“We are transforming the Port of Virginia to meet a changing and increasingly competitive environment,” said William Fralin, chairman of the VPA board.
Virginia International Terminals (VIT) will be converted from a non-stock corporation to a single member limited liability corporation under more direct control by the VPA. The new structure will eliminate duplication, increase efficiencies and reduce costs.
The board will also begin the process of recruiting the permanent executive director and chief commercial officer to lead the streamlined organisation, and expects to have the permanent leadership in place as early as autumn 2013.
The board also weighed the reorganisation plan against two unsolicited proposals from APM Terminals (North America) and J P. Morgan that were each seeking a long-term concession to be the VPA’s terminal operating company. Those proposals were submitted to the state’s secretary of transportation last April and December respectively.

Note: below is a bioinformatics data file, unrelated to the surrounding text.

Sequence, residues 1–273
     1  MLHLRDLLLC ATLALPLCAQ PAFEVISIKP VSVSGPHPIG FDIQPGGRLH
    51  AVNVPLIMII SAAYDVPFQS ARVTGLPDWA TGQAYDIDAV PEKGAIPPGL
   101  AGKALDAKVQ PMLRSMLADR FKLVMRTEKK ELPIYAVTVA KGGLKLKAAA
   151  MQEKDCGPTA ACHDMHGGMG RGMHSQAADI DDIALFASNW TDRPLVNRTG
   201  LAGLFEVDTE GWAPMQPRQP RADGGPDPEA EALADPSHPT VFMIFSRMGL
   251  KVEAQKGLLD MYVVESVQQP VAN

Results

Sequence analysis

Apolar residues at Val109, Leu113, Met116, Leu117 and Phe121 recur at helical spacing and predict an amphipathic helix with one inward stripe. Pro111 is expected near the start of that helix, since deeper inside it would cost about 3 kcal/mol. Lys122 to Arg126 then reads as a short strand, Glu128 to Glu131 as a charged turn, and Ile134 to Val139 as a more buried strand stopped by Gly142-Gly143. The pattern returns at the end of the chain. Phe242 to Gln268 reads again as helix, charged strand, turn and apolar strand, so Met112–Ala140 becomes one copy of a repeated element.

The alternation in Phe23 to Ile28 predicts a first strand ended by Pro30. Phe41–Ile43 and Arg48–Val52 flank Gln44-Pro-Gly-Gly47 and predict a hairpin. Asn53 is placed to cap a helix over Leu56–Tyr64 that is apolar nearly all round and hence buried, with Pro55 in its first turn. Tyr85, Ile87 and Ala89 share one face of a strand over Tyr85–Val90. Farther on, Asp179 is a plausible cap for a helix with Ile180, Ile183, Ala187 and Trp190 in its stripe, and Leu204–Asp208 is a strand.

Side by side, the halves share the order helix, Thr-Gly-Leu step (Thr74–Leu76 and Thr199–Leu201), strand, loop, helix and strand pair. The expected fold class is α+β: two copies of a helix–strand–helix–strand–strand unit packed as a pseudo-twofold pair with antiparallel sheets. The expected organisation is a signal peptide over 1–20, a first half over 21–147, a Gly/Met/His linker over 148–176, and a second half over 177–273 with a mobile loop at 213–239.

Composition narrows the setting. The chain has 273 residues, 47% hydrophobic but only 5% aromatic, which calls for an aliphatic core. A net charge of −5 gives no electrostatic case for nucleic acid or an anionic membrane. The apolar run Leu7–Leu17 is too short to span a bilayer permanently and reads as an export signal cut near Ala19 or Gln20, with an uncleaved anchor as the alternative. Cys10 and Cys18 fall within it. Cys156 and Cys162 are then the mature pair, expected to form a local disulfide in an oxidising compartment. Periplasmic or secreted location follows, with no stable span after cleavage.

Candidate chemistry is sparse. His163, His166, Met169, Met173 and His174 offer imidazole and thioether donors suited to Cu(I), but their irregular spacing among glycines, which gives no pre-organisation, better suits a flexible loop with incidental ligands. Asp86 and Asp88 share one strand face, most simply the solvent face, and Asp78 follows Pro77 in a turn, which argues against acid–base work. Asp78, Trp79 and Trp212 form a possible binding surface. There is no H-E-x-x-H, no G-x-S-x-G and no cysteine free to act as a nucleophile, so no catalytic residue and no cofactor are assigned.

After a “careful analysis and consideration,” the board determined that the retention and improvement of the public sector operator is a more attractive opportunity for the Commonwealth of Virginia. As a result it has terminated the review of unsolicited proposals submitted by APM Terminals, Inc. and Virginia Port Partners (VPP), noting that neither proposal accurately reflected the potential net present value of the state’s terminals and revenue potential.
In making its decision the board took into account a number of factors which showed that revenues and cargo volumes forecast by the public sector were comparable to those of APMT and VPP under a concession. In addition, the board believes that the public sector can generate sufficient revenue over time to allow the VPA to service its existing debt and fund future capital expenditures.
Moreover, while the proposals presented an opportunity for VPA to acquire APMT’s marine terminal in Portsmouth, the VPA already has control of this facility until 2030 through a lease between the VPA and APMT;
Accordingly, given the port’s position on the US East Coast, cargo volumes at the Port showing an improvement following several years of slow growth, the changes in shipping trends as a result of the Panama Canal expansion and increased use of the Suez Canal and the move to substantially larger vessels, now is not the time to implement a concession at the Port of Virginia.